As older sidewalks eroded down, progressively showing more and more of their gravel substrate, they often cracked and needed replacement. Below is an example of photo taken by the author of a sidewalk section replaced by Chicago Cement Contractor H. Killian on N. Mango Avenue in Gladstone Park in 1971. Sidewalks identified by the Killian stamp are found in later-developing areas of the Far Northwestern part of the city from Albany Park to Gladstone Park and beyond that needed replacement in the latter half of the 20th Century. Despite how prolific this particular cement contractor was, no information could be located about the H. Killian business beyond his stamped phone number SP[ring] 7-4749, following the convention of the time when the first two digits of telephone exchanges in local areas was a two-letter abbreviation for a word. Further research yielded the modern reiteration of the phone number (773) 777-4749 was a landline assigned to a home in Chicago’s Norwood Park neighborhood just on the edge of the suburban community of Niles that had once been owned by a Kilian family member.

Kilian sidewalk stamp

The more typical sidewalk stamp like this one from the latter half of the 20th Century can be found throughout the Far Northwestern part of the city from Albany Park to Gladstone Park and beyond. Prolific Chicago Cement Contractor H. Killian left his mark here on N. Mango in 1971 after older sidewalks on the block gradually eroded down to their gravel substrate, cracked, and needed replacement.

Park View Crest, Zelosky’s 500-lot subdivision on 60 acres overlooking the Edgebrook Golf Course just south of W. Devon, was marketed in the 1920s to people seeking a community with adjacent parkland and open space. With housing trends shifting by the next decade, this area became home to perhaps the largest group of English Tudor Revivals in Chicago. With one of the developer’s offices on the edge of the development’s borders at 6105 N. Milwaukee, Zelosky’s company was in the perfect place to self-promote these properties. No building at that address remains today where it was located in the area of Chopin Plaza near where N. Milwaukee merges with N. Elston.

Widely regarded as a visionary, Zelosky implemented “careful zoning,” separating homes from apartments and businesses to ensure his developments would be family-friendly and remain desirable through time, according to the September 28, 1926 Westchester Tribune article Tells Dream of Ideal Community as reprinted on the Franzosenbusch Heritage Project.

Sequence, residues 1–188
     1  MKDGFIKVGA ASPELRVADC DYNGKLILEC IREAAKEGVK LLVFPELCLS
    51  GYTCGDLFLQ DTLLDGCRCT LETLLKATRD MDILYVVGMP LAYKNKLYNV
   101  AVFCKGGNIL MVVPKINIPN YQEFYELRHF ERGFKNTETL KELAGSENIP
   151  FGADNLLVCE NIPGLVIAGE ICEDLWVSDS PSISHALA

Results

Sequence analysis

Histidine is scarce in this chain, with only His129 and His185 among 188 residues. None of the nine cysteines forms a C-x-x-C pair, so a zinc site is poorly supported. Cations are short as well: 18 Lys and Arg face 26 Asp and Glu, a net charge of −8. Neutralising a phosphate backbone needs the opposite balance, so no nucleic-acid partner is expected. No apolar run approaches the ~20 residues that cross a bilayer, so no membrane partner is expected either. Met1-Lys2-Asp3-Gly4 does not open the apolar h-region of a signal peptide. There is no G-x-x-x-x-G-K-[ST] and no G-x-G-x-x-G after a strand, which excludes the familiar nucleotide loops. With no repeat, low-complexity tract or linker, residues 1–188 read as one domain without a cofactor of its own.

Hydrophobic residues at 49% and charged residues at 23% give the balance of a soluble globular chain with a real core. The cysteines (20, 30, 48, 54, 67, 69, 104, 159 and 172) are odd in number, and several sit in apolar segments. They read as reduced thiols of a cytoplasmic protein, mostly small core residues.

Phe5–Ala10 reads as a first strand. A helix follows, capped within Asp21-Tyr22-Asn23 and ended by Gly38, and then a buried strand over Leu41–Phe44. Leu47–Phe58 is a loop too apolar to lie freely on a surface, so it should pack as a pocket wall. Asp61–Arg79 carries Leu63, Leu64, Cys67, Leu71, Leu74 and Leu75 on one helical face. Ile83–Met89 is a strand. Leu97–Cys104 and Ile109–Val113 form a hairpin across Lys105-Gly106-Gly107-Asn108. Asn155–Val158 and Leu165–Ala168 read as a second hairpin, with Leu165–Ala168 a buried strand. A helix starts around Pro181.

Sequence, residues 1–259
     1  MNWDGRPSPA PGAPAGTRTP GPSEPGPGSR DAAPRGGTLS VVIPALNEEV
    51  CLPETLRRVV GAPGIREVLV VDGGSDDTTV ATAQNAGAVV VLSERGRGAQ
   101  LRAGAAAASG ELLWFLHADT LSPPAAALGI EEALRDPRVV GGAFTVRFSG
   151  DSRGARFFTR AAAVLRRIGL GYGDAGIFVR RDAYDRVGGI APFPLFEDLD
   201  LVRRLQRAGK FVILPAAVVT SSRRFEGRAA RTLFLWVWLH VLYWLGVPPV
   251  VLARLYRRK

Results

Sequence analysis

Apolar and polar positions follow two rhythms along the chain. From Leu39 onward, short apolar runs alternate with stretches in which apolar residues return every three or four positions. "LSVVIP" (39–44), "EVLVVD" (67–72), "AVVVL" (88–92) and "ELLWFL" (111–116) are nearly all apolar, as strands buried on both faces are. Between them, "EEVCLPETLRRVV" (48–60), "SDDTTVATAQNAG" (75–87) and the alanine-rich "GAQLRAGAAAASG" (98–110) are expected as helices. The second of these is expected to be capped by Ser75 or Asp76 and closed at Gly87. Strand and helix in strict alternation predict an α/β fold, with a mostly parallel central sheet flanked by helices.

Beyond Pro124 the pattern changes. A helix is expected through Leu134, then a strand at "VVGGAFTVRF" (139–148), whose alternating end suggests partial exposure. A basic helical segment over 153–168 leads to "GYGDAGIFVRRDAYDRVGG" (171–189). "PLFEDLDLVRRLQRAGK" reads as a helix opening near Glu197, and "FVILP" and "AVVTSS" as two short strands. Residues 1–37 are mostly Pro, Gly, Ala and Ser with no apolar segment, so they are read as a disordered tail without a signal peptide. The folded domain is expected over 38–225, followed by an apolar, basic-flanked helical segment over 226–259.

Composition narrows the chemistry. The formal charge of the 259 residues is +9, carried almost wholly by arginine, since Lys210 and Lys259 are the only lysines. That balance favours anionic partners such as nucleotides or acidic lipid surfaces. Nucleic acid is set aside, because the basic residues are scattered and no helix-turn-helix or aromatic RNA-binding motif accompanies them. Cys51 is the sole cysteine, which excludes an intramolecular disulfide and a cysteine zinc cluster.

As you read the ads, you will get a good sense of the features property developers were touting 100 years ago in order to attract buyers.

The Best Investment in the World!

Ad for 8 developments Zelosky had in the works by 1924, including subdivisions in Jefferson Park and Gladstone Park, from Chicago Tribune, May 13, 1924.

Gladstone Gardens

Two ads for Gladstone Gardens lots in the extreme southern section of Gladstone Park from Polish language newspaper Dztennik Chicagoski (Chicago Daily News), February 27 and March 6, 1915, both from Library of Congress. This was the earlier development that attracted many German immigrants, who built the barn-roof style Dutch (“Deutsch”) Colonial Revivals for which the area is so well known. But then the development began attracting Polish immigrants, who, in the 1920s and early 1930s, tended to contract for brick bungalows. When English Tudor revivals became desirable in the 1940s, they filled in the subdivision’s remaining vacant lots, leading to a neighborhood with three distinct styles of architecture. Notice the different financial terms offered by Schultz, Baker & Co. for the 30×125-foot lots.

Polish ad
Polish ad

Park View Crest

Ad for Park View Crest from (Chicago) Daily Tribune, May 31, 1924 for the 60-acre, 500-lot subdivision that started developing in the 1920s in the northern part of Gladstone Park. Developer William Zelosky used the tract’s advantageous location bordering on the Forest Preserves of Cook County with its Edgebrook Golf Course to market its homesites east of N. Milwaukee traveling north to W. Devon. Because housing trends were changing during the latter part of this decade and into the 1930s, many homebuyers in this development pulled away from the low-slung bungalows and contracted for bigger and more elaborate steep-roofed English architectural designs with all their decorative elements, particularly in the northern section near the most desirable parkland. The result was a Gladstone Park with perhaps the largest collection of brick English Tudor Revivals in Chicago, followed to a lesser extent by the plainer two-story brick English Georgian Revivals that followed.